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Why parking your car has become a tight squeeze

Have you ever struggled to squeeze your car into a space in the car park? Frustrating, isn't it? While this used to be caused by other people's bad parking, it seems it could now be due to the size of the parking space.

Parallel parking animation
By Chris 73 / Wikimedia Commons,
CC BY-SA 3.0, Link

For decades the average car parking space in the UK has been set at 4.8m x 2.4m. But the popularity of larger cars and SUVs has soared in recent years and even smaller vehicles like the Vauxhall Corsa are significantly larger than they were. In fact, the Daily Telegraph reports that popular hatchback models have increased in size by an average 16% in the last 15 years. Most family cars now measure close to, or more than, 5 metres.

Add that to the fact that many car parks come with the extra stress of concrete pillars and tight ramps, it's easy to see why some of them have become unusable.

Bigger cars equal more accidents

A recent report by claims firm Accident Exchange says parking-related incidents now account for more than 30% of all accident claims, and the average individual repair bill is just over £2000. Their research estimates there's been a 35% increase in parking accidents since 2014, at a cost of about £1.4bn to UK insurers per year.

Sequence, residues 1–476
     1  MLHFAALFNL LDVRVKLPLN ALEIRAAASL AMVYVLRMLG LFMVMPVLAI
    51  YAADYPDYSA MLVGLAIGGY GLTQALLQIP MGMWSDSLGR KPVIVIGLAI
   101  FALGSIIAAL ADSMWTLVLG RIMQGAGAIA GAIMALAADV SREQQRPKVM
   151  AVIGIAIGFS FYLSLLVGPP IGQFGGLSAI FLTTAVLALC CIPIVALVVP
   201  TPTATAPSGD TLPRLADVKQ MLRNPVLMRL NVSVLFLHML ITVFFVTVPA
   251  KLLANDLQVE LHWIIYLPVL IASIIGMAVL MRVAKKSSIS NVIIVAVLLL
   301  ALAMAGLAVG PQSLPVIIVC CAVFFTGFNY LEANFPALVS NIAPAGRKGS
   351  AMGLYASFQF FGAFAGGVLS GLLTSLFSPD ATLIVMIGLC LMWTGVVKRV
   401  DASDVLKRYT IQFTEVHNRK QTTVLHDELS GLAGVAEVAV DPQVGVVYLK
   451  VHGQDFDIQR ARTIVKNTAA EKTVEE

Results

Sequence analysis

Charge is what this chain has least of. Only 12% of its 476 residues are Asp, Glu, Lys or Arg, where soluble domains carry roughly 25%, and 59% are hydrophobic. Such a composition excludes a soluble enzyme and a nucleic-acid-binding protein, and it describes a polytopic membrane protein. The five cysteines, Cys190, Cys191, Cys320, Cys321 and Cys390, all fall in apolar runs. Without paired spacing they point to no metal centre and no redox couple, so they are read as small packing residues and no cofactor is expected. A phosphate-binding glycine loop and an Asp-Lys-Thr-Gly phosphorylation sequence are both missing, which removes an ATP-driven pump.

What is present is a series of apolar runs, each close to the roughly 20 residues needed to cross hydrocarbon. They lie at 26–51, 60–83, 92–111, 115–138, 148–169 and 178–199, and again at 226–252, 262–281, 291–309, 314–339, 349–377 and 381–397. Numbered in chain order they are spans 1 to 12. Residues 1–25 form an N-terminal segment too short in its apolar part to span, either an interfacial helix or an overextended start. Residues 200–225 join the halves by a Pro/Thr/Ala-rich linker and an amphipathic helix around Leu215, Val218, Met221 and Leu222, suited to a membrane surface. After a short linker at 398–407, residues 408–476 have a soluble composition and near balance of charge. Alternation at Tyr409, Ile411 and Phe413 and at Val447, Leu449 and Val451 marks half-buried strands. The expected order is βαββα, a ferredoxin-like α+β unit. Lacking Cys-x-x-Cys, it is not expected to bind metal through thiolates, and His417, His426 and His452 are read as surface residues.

The UK's largest car park provider recently stated spaces are being made bigger to meet the demands of larger cars and 4x4s. They're working hard to address the issue, having already widened some bays in London, Manchester and Bournemouth.

How to reverse parallel park:

  • Line the back of your car with the back of the car in front of the space.
  • While stationary, turn your steering wheel all the way to the left
  • Check all your mirrors and blind spots and keep checking them as you slowly start to reverse
  • Stop when the front left corner of the car behind you is in the middle of your rear windscreen
  • While stationary, turn your steering wheel back to the middle position
  • Slowly reverse until your front bumper clears the car in front and stop
  • While stationary, turn your steering wheel all the way to the right
  • Slowly reverse as your car straightens out.

How to avoid car parks

Some people will avoid parallel parking at all costs, preferring to take the risk of parking in a car park. But learning how to parallel park properly will certainly give you more options.

The best way to get good at parallel parking is, quite simply, practice. If you're just learning, try to find quieter roads, where you're less likely to get pressure from other drivers. There is plenty of advice to help you master the best technique; you could even invest in a parking sensor to help you park perfectly.

Make sure you're covered

Regardless of what sized car you drive, it's important to make sure your insurance policy is fully up-to-date and that you have the correct insurance in place, should your car get damaged.

All information is correct at time of publication. Hastings Direct cannot be held responsible for any misinformation displayed.

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